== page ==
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Anat Cell Biol 2023; 56(4): 428-434

Published online December 31, 2023

https://doi.org/10.5115/acb.23.141

Copyright © Korean Association of ANATOMISTS.

Morphological and morphometric study of pulmonary vein anatomy in relation to cardiac invasive and electrophysiological procedures

Harshal Oza , Bhavik Doshi

Department of Anatomy, GMERS Medical College and Hospital, Sola, Ahmedabad, India

Correspondence to:Harshal Oza
Department of Anatomy, GMERS Medical College and Hospital, Sola, Ahmedabad 380060, India
E-mail: harshal.j.oza@gmail.com

Received: May 16, 2023; Revised: August 18, 2023; Accepted: September 15, 2023

This is an Open Access article distributed under the terms of the Creative Commons Attribution Non-Commercial License (http://creativecommons.org/licenses/by-nc/4.0/) which permits unrestricted non-commercial use, distribution, and reproduction in any medium, provided the original work is properly cited.

Pulmonary veins (PVs) and their myocardial sleeves play an important role in the development of atrial fibrillation. Hence, detailed knowledge of PV anatomy is required to improve the procedural success rate and prevent complications during cardiac procedures. The aim of this study was to evaluate the PV anatomy along with anatomical variations in the Indian population. Total 100 formalin fixed cadaveric hearts were examined. The number and pattern of the PVs were observed along with the measurement of their horizontal and vertical diameters. The ovality index for each PV was calculated. Classical PV pattern was observed in 62% cases. Variant pattern like additional right middle PV pattern and left common PV pattern were found in 20% and 10% cases respectively. A separate pattern with presence of both right middle PV and left common PV was observed in 6% cases. In the classical pattern right superior PV was the largest followed by right inferior, left superior and left inferior PV. The additional right middle PV had the smallest diameter whereas the left common PV had the largest diameter. Almost all the veins had greater vertical diameters in comparison to horizontal diameters. The variant PVs were oval and had greater ovality index compared to the normal PVs. In classical pattern 54.8% hearts whereas in variant pattern 79% hearts had one or more oval PV. The given data can help clinicians for planning and execution of various interventional and electrophysiological procedures involving PVs.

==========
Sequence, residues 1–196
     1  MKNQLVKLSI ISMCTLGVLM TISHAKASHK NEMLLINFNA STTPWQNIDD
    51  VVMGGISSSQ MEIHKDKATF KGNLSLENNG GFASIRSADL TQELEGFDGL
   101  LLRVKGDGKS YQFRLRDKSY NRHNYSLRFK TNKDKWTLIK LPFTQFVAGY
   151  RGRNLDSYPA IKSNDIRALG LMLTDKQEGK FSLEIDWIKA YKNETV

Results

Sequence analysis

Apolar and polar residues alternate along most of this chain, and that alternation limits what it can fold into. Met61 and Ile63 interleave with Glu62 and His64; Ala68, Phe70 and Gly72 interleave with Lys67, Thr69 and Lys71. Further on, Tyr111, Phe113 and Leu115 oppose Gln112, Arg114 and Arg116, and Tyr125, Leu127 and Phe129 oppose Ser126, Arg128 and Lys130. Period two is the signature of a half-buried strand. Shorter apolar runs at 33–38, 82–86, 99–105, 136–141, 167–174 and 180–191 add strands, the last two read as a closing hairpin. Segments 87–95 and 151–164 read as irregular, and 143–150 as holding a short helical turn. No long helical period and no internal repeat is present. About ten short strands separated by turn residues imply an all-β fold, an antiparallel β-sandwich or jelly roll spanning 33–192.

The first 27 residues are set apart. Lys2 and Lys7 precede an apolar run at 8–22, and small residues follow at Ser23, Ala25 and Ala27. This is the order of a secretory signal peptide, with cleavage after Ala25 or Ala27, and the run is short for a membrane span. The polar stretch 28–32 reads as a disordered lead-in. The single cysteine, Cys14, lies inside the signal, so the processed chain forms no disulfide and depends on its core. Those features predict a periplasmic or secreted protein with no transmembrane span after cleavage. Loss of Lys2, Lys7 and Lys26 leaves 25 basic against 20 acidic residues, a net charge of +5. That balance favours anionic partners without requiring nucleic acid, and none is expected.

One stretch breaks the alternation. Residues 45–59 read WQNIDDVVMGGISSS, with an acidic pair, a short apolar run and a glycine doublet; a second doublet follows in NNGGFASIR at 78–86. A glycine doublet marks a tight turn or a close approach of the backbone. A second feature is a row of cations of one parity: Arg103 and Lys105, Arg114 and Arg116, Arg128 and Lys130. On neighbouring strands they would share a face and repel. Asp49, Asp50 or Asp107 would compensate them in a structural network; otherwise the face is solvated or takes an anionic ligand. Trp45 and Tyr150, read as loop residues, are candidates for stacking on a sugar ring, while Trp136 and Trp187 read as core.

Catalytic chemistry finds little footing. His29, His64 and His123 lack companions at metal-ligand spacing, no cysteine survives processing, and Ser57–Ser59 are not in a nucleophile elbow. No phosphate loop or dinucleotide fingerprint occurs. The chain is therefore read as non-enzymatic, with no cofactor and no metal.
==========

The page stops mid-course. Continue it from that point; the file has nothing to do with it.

Keywords: Pulmonary veins, Atrial fibrillation, Left atrium, Radiofrequency catheter ablation

The pulmonary veins (PVs) are important blood vessels which transport oxygenated blood from the lungs to the left atrium of the heart. They open into the posterolateral surface of the left atrium more superiorly. The openings of PV are round to oval in shape and are usually four in number.